The fight over the re-introduction of wolves is headed for new heights. More than 83,000 people have already signed an Internet petition against the shooting of a wolf in the Oberlausitz (Lower Saxony) that seems to have lost almost all shyness of humans. Saxony’s authorities have decided to have the so-called problem wolf „Pumpak“ killed by a bullet; will he have to share the same fate as Bruno, the problem bear of Bavaria?

„We are a group of people who are fighting for the protection of wolves in Germany“; these are the introductory words of an Internet petition (https://www.change.org/p/wolf-pumpak-muss-weiterleben) that has the goal of saving the life of Pumpak, a wolf living in the area of Rietschen. He was seen on numerous occasions at night in the village searching for food in compost heaps, seemingly unperturbed by the presence of humans. When people approached him he calmly trotted back into the nearby pine forest. Sometimes he would watch from a safe distance how the frightened two-legged ones reacted to him by retreating into the safety of their homes. He is still a young wolf, and youngsters are curious.

         Pumpak loves cake

Wolves are very shy and will usually disappear into thin air before humans even spot them. But the young male wolf of Rietschen seems to be an exception to the rule. It is possible that he was fed by humans as a pup when he lived on the banks of the German/Polish border river Neisse. Pumpak seems to love cake, because he tried to steal a freshly baked one from a windowsill where it had been placed for cooling down.

His curiosity, his searching for food in gardens, and the fear of humans of this legendary predator make Pumpak a problem wolf for the authorities. The district magistrate’s office Görlitz has declared the two-year old wolf free to be shot, and the Saxony Ministry for Environmental Affairs has also given the “green light” for shooting him in the Polish border area.

           Pumpak must live!

Nature conservationists and animal lovers are shocked about the order to shoot and kill him, but some huntsmen welcome the decision, because a hardheaded fight has ensued since wolves have emigrated from Poland and re-occupied territory after territory. A similar scenario played out with a bear in Bavaria eleven years ago.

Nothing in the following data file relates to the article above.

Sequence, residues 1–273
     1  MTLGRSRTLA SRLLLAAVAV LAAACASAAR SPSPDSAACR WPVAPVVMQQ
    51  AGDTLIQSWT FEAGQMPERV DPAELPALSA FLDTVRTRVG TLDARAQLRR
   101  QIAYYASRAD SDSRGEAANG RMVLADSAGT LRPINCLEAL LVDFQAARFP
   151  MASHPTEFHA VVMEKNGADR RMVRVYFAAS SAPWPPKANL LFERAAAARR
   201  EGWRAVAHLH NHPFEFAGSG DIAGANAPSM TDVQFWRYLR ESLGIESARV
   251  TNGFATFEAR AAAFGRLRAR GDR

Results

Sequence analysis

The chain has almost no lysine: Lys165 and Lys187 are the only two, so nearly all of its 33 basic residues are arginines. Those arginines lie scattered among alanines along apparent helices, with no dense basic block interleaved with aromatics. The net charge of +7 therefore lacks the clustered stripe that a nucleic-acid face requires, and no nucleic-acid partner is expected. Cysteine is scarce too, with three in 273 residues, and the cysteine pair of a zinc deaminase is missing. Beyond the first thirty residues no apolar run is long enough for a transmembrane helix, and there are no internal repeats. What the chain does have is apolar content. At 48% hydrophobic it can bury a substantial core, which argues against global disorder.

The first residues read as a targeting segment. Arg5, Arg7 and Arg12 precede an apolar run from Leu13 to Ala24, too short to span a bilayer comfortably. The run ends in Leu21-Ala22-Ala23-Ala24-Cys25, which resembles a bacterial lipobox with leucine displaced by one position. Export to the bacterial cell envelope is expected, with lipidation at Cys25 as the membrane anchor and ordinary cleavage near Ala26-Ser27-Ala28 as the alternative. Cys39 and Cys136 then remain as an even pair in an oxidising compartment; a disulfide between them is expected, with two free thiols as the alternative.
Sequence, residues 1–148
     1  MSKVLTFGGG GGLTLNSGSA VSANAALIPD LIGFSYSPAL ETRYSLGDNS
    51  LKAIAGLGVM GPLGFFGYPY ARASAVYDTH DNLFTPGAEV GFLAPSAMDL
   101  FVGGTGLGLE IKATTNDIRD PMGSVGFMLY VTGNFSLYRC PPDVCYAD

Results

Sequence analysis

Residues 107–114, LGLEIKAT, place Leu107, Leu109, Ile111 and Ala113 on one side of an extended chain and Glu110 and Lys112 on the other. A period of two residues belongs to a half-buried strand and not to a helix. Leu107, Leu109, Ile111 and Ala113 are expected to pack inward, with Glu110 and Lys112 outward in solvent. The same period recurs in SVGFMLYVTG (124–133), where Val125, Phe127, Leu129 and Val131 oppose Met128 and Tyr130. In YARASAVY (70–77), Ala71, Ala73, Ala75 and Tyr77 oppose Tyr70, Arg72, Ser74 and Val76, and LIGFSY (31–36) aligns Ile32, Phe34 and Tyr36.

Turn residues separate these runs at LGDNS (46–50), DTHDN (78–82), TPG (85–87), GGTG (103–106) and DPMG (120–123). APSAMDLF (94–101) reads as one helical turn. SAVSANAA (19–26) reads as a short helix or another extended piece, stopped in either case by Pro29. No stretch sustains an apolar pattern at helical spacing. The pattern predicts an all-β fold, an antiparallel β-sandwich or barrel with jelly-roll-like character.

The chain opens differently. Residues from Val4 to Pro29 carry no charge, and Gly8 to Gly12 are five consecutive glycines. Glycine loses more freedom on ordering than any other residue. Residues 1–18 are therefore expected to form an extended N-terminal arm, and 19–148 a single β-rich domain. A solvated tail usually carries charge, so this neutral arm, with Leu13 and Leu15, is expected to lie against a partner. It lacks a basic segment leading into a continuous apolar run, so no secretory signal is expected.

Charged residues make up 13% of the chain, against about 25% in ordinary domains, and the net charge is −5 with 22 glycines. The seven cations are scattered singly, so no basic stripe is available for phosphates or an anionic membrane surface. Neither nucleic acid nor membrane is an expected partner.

Bruno the Bear had become a “problem” when after waking from hibernation, he chose Bavaria as his new hunting territory. He was the first bear there in 170 years and his presence was obvious in that he made a meal of six sheep. Again and again Bruno was seen in the close vicinity of villages; he broke into a pigsty, and he cleaned out a chicken pen on another occasion. All people saw of him was a fleeing shadow, and he divided Germany into camps of supporters and opponents. And like back then, the order to shoot and kill Bruno was causing the same storm of indignation as the one now to shoot and kill Pumpak.

More than 83,000 people have already signed the Internet petition that is meant to prevent the so-called “removal of the wolf“. With the term “removal“, authorities describe the killing of wild animals exhibiting an abnormal behavior. A wolf can be removed if, e.g., he repeatedly attacks flocks of sheep, ignores protective fences or, like in Pumpak’s case, loses its natural shyness of humans.

But wolf welfare activists are not only active on the Internet; more than 100 e-mails have been received by the Saxony Ministry for Environmental Affairs that are in favour of Pumpak. Even in Berlin, the Federal Minister of Environmental Affairs, Barbara Hendricks, has to deal with the so-called problem wolf and answer questions. She refers to the decision of the Dresden authorities by stating that the decision to remove the wolf has been made by experts who have the necessary knowledge about nature conservation and legal interests. Therefore the decision by the authorities is not really suitable for a public referendum, said Frank Meyer, press speaker for the Ministry of Environmental Affairs, Saxony.